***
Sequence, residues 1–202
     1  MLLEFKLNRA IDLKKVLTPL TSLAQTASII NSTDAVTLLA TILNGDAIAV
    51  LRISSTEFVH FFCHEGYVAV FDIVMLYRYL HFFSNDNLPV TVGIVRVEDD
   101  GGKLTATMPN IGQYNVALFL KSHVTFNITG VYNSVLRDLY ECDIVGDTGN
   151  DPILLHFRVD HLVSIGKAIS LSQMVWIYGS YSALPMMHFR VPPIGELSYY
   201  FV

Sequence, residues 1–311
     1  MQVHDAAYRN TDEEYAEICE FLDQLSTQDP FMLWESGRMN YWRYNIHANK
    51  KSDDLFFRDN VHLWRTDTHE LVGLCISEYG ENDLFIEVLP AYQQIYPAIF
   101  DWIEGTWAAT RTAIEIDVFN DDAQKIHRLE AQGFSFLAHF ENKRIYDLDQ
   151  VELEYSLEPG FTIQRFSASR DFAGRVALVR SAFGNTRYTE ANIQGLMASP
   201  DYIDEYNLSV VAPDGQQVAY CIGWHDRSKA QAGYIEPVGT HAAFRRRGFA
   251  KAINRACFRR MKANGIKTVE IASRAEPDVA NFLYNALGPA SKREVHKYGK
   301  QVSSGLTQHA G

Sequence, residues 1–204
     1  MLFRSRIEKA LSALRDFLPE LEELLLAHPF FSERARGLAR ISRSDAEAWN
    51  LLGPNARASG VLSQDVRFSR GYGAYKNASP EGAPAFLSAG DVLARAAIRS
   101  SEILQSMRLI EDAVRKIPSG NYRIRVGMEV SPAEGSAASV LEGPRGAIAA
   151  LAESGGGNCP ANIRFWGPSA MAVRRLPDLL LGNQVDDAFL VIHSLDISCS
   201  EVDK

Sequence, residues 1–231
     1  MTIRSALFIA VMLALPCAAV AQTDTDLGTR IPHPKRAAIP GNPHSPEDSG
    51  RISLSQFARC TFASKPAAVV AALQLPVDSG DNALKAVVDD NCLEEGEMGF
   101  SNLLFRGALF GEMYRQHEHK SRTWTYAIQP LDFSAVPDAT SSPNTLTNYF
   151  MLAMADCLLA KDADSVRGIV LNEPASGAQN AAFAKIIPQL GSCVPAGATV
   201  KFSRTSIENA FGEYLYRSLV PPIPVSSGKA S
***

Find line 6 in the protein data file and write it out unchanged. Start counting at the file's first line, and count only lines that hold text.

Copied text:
   201  FV